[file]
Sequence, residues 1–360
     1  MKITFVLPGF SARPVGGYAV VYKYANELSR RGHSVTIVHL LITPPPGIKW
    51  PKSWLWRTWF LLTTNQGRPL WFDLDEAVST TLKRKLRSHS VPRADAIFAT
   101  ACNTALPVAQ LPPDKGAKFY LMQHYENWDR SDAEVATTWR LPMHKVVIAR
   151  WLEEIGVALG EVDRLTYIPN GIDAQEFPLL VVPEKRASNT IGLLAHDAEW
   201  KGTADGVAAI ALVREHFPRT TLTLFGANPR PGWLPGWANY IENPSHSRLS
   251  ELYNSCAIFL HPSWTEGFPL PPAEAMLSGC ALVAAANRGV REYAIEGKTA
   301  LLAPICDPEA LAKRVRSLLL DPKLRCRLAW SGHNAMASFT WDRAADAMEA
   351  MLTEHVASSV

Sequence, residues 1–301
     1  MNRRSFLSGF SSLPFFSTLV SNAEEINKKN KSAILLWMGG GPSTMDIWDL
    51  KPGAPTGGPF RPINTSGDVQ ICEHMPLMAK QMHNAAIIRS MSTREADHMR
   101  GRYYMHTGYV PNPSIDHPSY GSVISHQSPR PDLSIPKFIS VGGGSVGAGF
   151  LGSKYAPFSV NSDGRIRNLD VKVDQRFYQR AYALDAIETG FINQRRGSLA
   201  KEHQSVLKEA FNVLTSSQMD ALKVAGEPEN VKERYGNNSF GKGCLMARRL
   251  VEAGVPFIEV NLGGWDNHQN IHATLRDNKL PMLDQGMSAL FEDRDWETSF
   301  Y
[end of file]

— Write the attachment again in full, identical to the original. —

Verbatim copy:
Sequence, residues 1–360
     1  MKITFVLPGF SARPVGGYAV VYKYANELSR RGHSVTIVHL LITPPPGIKW
    51  PKSWLWRTWF LLTTNQGRPL WFDLDEAVST TLKRKLRSHS VPRADAIFAT
   101  ACNTALPVAQ LPPDKGAKFY LMQHYENWDR SDAEVATTWR LPMHKVVIAR
   151  WLEEIGVALG EVDRLTYIPN GIDAQEFPLL VVPEKRASNT IGLLAHDAEW
   201  KGTADGVAAI ALVREHFPRT TLTLFGANPR PGWLPGWANY IENPSHSRLS
   251  ELYNSCAIFL HPSWTEGFPL PPAEAMLSGC ALVAAANRGV REYAIEGKTA
   301  LLAPICDPEA LAKRVRSLLL DPKLRCRLAW SGHNAMASFT WDRAADAMEA
   351  MLTEHVASSV

Sequence, residues 1–301
     1  MNRRSFLSGF SSLPFFSTLV SNAEEINKKN KSAILLWMGG GPSTMDIWDL
    51  KPGAPTGGPF RPINTSGDVQ ICEHMPLMAK QMHNAAIIRS MSTREADHMR
   101  GRYYMHTGYV PNPSIDHPSY GSVISHQSPR PDLSIPKFIS VGGGSVGAGF
   151  LGSKYAPFSV NSDGRIRNLD VKVDQRFYQR AYALDAIETG FINQRRGSLA
   201  KEHQSVLKEA FNVLTSSQMD ALKVAGEPEN VKERYGNNSF GKGCLMARRL
   251  VEAGVPFIEV NLGGWDNHQN IHATLRDNKL PMLDQGMSAL FEDRDWETSF
   301  Y